Can Einstein@Home pass the 1 Petaflop (1000 Teraflop) barrier?

The computing power of Einstein@Home has exceeded 950 Teraflops for the first time since the project was begun in 2005. Based on the rate that our computing power has been growing, I am hopeful that Einstein@Home will pass the 1 Petaflop barrier before the end of 2012. Einstein@Home volunteers: please keep your computers running over the holiday season, and please sign up any new ones that you might receive as a gift!

Bruce Allen
Director, Einstein@Home

Comments

pvismara@inwind.it
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I hope that my computer that

I hope that my computer that running 24 Hours can help you.
Kind Regards
Paolo

AI4FR
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It's at 1023.1. Congrats to

It's at 1023.1. Congrats to all.

Mad_Max
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Congratulations to all! If

Congratulations to all!

If I have not forgotten anything, Einstein@Home will be a second(after Folding@Home)scientific* distributed computing project in history which has pass the 1 petaflop mark of average (steady) computing speed! If can keep it after FGRP2 CR correction of course.
Many project was very close at some point of time (SETI GPUGrid POEM Milkyway) but failed to keep reached peak speed.

* Projects on cracking ciphers/numbers i do not count as scientific dc.

Richard Haselgrove
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At least for the time being,

At least for the time being, we seem to have reached a plateau at 1026.9

SETI is running this weekend after all (the electrical work was postponed), and the new FGRP2s have been corrected to 70 credits each, so I imagine we'll be here for a little while.

Alex
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FGRP2 TFLOPS decrease now

FGRP2 TFLOPS decrease now (190) and overall TFLOPS still increase (1034), so I would say it is a true, honest record.

Jeroen
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Congratulations on passing 1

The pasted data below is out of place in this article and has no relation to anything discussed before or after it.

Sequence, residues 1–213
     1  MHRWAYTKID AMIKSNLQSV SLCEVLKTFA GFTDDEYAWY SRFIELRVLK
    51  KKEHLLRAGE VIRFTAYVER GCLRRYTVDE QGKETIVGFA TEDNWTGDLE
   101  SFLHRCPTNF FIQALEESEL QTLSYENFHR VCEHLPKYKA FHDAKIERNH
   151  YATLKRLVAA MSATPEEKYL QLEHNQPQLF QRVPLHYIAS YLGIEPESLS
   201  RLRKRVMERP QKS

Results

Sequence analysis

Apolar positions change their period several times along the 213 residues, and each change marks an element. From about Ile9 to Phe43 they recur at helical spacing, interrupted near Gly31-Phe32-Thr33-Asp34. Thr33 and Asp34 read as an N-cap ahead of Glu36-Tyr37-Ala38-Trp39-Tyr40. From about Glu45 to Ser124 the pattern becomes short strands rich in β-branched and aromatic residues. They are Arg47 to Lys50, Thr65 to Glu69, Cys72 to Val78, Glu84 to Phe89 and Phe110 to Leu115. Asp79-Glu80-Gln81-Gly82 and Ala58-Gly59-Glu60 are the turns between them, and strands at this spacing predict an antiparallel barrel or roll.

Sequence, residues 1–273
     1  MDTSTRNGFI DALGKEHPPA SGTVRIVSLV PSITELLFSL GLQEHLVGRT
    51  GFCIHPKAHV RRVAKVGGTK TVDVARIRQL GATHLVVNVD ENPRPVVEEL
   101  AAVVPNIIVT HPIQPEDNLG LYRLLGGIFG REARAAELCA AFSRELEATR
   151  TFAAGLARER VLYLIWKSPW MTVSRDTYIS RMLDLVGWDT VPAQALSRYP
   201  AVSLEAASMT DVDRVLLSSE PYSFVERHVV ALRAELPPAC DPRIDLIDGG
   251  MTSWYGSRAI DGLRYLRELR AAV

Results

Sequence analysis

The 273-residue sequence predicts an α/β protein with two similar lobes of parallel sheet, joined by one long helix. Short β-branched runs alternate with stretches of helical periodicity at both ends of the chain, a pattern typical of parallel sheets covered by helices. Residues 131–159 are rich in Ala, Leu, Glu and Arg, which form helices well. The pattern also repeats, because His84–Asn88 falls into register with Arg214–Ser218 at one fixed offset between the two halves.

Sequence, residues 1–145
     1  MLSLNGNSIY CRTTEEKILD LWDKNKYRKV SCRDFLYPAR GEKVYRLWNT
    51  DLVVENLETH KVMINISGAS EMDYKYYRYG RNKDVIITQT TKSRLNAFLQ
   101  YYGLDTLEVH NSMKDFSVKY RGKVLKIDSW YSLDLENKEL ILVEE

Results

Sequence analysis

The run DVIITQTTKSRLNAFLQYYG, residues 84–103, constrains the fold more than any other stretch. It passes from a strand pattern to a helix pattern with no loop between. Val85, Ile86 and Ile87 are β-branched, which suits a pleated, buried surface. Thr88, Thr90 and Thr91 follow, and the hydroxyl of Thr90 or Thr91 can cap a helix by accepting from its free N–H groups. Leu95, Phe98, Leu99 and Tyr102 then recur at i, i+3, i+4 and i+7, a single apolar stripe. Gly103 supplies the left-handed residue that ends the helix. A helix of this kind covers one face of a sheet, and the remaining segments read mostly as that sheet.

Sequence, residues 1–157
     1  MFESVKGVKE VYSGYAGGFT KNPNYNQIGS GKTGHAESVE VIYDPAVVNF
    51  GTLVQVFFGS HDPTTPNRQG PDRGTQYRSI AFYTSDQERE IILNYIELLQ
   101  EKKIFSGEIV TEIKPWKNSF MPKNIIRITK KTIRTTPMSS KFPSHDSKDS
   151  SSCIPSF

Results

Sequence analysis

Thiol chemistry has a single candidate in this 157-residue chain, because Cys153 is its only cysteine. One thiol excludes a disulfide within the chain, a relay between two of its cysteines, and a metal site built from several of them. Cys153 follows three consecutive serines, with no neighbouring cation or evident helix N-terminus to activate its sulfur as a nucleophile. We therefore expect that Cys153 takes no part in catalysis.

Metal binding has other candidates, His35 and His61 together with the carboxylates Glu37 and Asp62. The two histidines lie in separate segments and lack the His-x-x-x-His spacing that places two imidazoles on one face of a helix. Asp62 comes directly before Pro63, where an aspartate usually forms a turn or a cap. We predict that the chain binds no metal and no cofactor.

Congratulations on passing 1 PFLOPS!

Alex
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Bernd Machenschalk
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RE: At least for the time

Quote:
At least for the time being, we seem to have reached a plateau at 1026.9

FTR: 1030.4 TFLOPS for almost 2h now.

BM

BM

Dan
Dan
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i signed up for this project

i signed up for this project on the 24th and haven't stopped working on it. yay me i helped do something!!!!!!

geonerd
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Oh, no! ;) Throughput has

Oh, no! ;)
Throughput has dropped to 0.9959 PF, presumably(?) as a result of the recent FGRP2 credit reduction. How large is the averaging window? Any estimates of what the new equilibrium will be, and how long it will take for E@H to re-pass 1.0 PF?

ggesmundo
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I suspect the drop is more do

I suspect the drop is more do to the BRP4 validators being off line until tomorrow.

Richard Haselgrove
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RE: I suspect the drop is

Quote:
I suspect the drop is more do to the BRP4 validators being off line until tomorrow.


Indeed so. We're back above 1000 TFLOPS (1000.8, to be exact), and there are still 31,448 BRP4 tasks in the validation queue.

Gary Roberts
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RE: RE: I suspect the

Quote:
Quote:
I suspect the drop is more do to the BRP4 validators being off line until tomorrow.

Indeed so. We're back above 1000 TFLOPS (1000.8, to be exact), and there are still 31,448 BRP4 tasks in the validation queue.